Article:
Jonah Goldberg

As Ugandan president Yoweri Museveni noted earlier this year, the "real solution to the defeat of (AIDS) lies in economic development and trade. In Africa, we have a terrain in which HIV, malaria, TB and other infections thrive to a degree nowadays unthinkable in Europe and the U.S. The common thread is poverty. For poverty creates an environment, physical as well as social, highly favorable to disease. So, even as we mobilize our people to change their behavior to protect themselves against HIV, we have to promote broad-based economic growth that will lead to improvement in living conditions and levels of education. The surest path to that kind of growth is trade and investment."

The Europeans should be ashamed of themselves because they claim to care more about the Third World - and pretty much everything else - than we do. The United States should be ashamed because we claim to be free marketers and we're not. And the protesters should be ashamed because their solution to a bad process is to make it much worse.

If the protesters had their way, there would be less, not more, global trade. Not only would that keep poor people poor, it would continue to hurt the environment they claim to care so much about. Rich countries have clean environments. Poor countries don't.

In fact, since I'm here in the Green Mountain State, let's use Vermont as Exhibit A. Vermont is returning to its preindustrial state. In 1850 only 37 percent of Vermont was covered in trees. Today it's 77 percent and growing. The reason? The forests are literally reclaiming Vermont's famously cute farms as such back-breaking work ceases being economically viable. Of course, the few farms that are left - often for nostalgia's sake - are propped up by federal subsidies that not only hurt poor dairy farmers abroad, they make milk more expensive for poor kids in America, too.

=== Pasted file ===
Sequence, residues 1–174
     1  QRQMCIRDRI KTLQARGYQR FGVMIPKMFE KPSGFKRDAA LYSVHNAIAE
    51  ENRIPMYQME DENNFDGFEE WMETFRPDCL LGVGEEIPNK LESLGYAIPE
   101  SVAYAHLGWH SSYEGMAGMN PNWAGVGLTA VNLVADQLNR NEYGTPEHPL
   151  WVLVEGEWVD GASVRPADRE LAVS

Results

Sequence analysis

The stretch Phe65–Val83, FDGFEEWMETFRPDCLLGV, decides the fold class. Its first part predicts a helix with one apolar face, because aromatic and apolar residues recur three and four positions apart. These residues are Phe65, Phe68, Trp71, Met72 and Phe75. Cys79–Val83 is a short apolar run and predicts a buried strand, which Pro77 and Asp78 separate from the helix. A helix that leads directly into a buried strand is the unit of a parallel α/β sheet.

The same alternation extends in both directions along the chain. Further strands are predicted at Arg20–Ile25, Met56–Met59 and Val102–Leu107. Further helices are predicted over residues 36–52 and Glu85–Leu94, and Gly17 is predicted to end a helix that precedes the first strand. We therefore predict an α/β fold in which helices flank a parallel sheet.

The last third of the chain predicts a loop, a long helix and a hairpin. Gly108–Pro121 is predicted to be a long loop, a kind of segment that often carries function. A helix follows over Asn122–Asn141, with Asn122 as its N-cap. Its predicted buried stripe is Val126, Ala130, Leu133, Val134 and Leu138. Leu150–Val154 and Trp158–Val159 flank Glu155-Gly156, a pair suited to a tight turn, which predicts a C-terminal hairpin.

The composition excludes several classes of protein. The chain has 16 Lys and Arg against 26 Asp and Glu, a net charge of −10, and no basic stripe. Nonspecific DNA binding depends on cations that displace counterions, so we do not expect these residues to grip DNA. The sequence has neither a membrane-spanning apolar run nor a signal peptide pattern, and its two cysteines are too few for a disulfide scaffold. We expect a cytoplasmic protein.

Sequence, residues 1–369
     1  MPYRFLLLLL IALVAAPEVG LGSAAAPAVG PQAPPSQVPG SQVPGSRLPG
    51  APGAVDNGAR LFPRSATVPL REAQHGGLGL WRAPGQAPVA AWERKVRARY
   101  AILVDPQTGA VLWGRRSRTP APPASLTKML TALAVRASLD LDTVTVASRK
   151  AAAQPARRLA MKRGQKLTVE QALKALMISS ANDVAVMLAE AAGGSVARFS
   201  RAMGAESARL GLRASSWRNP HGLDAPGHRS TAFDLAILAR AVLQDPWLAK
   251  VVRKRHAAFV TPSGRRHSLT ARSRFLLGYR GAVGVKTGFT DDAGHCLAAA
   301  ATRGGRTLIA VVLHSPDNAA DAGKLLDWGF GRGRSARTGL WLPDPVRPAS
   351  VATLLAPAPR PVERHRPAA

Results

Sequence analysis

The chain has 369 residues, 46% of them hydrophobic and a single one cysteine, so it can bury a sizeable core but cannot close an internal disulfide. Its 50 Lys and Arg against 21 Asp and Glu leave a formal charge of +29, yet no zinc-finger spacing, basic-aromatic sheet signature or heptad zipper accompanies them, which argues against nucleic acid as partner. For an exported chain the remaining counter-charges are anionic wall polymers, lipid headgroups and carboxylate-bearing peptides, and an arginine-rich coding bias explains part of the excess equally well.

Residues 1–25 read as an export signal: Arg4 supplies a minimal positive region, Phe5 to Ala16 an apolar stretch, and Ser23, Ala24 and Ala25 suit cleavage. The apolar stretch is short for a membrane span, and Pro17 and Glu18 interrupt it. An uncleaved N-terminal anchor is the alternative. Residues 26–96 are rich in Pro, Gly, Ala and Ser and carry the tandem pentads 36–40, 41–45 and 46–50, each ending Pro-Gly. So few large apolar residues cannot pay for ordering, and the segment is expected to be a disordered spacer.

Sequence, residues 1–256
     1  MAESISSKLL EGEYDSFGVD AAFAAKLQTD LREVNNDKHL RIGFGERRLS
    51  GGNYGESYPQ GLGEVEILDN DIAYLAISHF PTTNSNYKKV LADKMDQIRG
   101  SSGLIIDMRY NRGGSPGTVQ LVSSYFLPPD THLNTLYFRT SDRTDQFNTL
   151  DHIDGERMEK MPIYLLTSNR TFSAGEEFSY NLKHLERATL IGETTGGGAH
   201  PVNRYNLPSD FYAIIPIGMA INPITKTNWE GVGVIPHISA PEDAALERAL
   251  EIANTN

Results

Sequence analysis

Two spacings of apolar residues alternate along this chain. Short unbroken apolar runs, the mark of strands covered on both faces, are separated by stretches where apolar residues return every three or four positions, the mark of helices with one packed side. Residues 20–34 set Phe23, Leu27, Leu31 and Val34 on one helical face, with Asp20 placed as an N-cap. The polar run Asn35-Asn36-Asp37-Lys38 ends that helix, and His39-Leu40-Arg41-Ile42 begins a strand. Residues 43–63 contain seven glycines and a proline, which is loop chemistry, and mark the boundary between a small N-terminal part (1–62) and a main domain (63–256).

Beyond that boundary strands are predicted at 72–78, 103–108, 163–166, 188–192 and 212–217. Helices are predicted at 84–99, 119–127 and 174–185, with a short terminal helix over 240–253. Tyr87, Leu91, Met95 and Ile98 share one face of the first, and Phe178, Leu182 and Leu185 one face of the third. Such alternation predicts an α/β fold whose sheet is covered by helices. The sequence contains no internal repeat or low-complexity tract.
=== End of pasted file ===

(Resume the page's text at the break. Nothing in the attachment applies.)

Vermont didn't lose its farms because it got too poor. It lost its farms because it got too rich - thanks largely to the hard work of earlier generations of Vermonters who sold the fruits of their labors all around the world. Today, this wealth allows it to provide lavish health benefits, set aside natural resources and generally adopt the politics of a giant college campus, complete with civil unions and socialist congressmen.

These are the sorts of choices rich states - and countries - can make (even if I think some of them are batty). The fastest way to get the rest of the world to look like Vermont is to let it follow Vermont's example. Not the example of today, but of yesterday. Vermont's today could be Africa's tomorrow.

Jonah Goldberg

Jonah Goldberg is editor-at-large of National Review Online,and the author of the book The Tyranny of Clichés. You can reach him via Twitter @JonahNRO.
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